AUSTIN (KXAN) — As the guilty on all counts verdict for former Minneapolis police officer Derek Chauvin came in on Tuesday afternoon, Austin-area law enforcement is prepared for possible unrest dependent on the outcome either way.
Chauvin is the former Minneapolis officer charged in the May 2020 death of George Floyd, whose final moments caught on video sparked weeks-long protests nationwide, including here in Austin. The jury went into deliberations Monday and convicted Chauvin of second-degree murder, among other charges, on Tuesday around 4 p.m. CT.
Law enforcement preparations
In a statement on the possibility of large gatherings Tuesday night, APD released the following statement:
“The Austin Police Department respects everyone’s right to peacefully assemble and exercise their First Amendment rights. APD is monitoring events regarding the ongoing trial of Derek Chauvin, and we have no information of any planned mass assemblies in Austin at this time. Should these occur, APD is prepared to respond if they become unlawful. We will respond as needed in order to ensure people can assemble peacefully and safely.“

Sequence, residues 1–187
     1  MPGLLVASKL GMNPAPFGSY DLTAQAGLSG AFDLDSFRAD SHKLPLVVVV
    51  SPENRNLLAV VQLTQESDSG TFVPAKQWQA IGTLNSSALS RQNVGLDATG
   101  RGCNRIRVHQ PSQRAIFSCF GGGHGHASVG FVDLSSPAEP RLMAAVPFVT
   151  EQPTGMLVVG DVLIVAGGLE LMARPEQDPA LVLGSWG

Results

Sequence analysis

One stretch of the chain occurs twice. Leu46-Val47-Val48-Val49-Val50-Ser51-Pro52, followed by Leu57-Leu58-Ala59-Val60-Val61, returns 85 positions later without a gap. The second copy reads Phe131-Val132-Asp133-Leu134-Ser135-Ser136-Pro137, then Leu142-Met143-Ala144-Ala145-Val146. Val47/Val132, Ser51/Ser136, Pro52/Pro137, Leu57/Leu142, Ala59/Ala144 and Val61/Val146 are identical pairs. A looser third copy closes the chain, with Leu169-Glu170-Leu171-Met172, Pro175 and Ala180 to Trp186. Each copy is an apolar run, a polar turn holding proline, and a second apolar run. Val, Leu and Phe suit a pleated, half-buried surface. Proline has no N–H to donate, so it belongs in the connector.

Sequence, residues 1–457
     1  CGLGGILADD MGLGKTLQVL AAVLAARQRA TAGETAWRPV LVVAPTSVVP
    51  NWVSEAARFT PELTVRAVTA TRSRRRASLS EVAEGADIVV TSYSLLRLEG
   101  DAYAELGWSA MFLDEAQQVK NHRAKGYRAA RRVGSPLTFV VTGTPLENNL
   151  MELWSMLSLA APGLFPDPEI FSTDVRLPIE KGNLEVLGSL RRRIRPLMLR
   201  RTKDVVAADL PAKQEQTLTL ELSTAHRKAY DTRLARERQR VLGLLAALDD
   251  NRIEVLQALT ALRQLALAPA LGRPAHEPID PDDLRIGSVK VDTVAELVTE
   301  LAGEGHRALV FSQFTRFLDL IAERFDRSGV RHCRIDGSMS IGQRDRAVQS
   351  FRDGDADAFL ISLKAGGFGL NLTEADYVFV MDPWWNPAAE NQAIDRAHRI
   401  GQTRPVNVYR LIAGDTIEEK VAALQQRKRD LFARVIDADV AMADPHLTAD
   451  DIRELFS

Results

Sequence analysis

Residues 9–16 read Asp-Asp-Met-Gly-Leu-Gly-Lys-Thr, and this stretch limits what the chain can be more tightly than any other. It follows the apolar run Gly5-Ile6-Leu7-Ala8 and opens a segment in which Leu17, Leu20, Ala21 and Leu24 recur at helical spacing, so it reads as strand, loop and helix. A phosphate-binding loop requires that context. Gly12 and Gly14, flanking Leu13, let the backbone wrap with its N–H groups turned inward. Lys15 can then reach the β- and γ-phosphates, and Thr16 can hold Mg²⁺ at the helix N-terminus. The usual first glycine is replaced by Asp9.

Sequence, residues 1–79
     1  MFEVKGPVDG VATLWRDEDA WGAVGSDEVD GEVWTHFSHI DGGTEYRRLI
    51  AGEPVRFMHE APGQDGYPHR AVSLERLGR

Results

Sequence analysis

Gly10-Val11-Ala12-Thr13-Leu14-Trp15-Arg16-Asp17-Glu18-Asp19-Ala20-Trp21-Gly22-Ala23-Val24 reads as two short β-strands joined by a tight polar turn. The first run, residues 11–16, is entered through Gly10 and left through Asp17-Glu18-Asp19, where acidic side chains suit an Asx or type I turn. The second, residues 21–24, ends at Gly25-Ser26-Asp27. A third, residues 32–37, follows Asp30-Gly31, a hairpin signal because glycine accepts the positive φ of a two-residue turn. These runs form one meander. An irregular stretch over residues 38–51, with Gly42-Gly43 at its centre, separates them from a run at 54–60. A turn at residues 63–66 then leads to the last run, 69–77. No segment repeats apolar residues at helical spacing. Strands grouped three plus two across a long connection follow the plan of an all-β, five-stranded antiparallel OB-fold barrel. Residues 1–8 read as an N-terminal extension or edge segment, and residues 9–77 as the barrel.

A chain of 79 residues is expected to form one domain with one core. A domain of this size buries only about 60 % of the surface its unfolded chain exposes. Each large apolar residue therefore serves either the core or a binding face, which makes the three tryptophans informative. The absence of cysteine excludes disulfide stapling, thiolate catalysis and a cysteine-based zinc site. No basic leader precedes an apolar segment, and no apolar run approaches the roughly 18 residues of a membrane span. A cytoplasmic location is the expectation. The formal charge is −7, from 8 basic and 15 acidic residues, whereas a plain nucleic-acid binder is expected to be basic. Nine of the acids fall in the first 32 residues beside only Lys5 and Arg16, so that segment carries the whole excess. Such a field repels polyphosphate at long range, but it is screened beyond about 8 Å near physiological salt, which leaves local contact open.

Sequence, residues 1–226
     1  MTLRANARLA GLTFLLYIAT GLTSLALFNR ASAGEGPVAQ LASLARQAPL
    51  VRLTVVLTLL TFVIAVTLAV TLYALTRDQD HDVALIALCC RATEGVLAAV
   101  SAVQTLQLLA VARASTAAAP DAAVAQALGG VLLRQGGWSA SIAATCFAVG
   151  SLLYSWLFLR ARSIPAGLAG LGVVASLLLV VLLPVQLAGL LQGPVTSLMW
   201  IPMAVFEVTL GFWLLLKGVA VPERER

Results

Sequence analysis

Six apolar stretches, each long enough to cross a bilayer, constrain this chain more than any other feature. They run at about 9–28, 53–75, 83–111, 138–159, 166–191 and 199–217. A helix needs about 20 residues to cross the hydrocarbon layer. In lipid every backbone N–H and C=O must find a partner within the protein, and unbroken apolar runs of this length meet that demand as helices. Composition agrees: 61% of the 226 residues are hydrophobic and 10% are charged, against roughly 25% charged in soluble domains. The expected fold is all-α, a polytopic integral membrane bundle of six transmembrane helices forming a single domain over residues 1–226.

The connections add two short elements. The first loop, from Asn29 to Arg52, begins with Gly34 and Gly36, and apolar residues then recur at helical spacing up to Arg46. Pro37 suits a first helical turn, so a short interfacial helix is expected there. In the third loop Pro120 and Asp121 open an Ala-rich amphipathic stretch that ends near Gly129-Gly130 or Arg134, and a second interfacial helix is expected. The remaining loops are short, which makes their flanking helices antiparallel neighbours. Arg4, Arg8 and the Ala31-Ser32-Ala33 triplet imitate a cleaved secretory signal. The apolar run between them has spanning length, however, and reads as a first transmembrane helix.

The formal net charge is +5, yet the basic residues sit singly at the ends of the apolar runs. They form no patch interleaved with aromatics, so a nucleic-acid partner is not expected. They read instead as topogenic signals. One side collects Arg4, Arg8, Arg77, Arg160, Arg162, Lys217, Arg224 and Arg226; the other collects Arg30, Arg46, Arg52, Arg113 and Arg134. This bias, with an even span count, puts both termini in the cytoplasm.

APD did say it plans to be on “tactical alert,” which gives the department more access to officers than it would usually have scheduled. For this, all officers are expected to be ready to respond in uniform. The Travis County Sheriff’s Office also said it plans to be available to help APD if necessary.
At 3:44 p.m., the Texas Department of Public Safety was seen roping off Gov. Greg Abbott’s mansion in downtown Austin.
Meanwhile, the Texas Military Department released a more ambiguous statement, saying it has a contingency of soldiers supporting Texas DPS at the Texas Capitol and are “committed to supporting the men and women of this agency, as well as our other state partners, whenever needed.”
Executive Director of Safety and Security for Risk Assistance Network & Exchange Brian Lynch told KXAN he expected to see crowds form in reaction to the verdict, no matter what the outcome. He said he expected demonstrations would be much smaller, however, should the jury hand down a guilty verdict.
Still, he offers advice for those gathering following the verdict announcement.
“Just be careful. If you want to go out, and you want to be part of it, that’s certainly your option, but know that your risk is elevated once you leave your house and decide to go to that activity,” Lynch said. “The first sign of issues, it’s probably a good idea to remove yourself from that activity and leave the area as quickly as you can. You certainly don’t want to be hanging around looking and watching things occur.”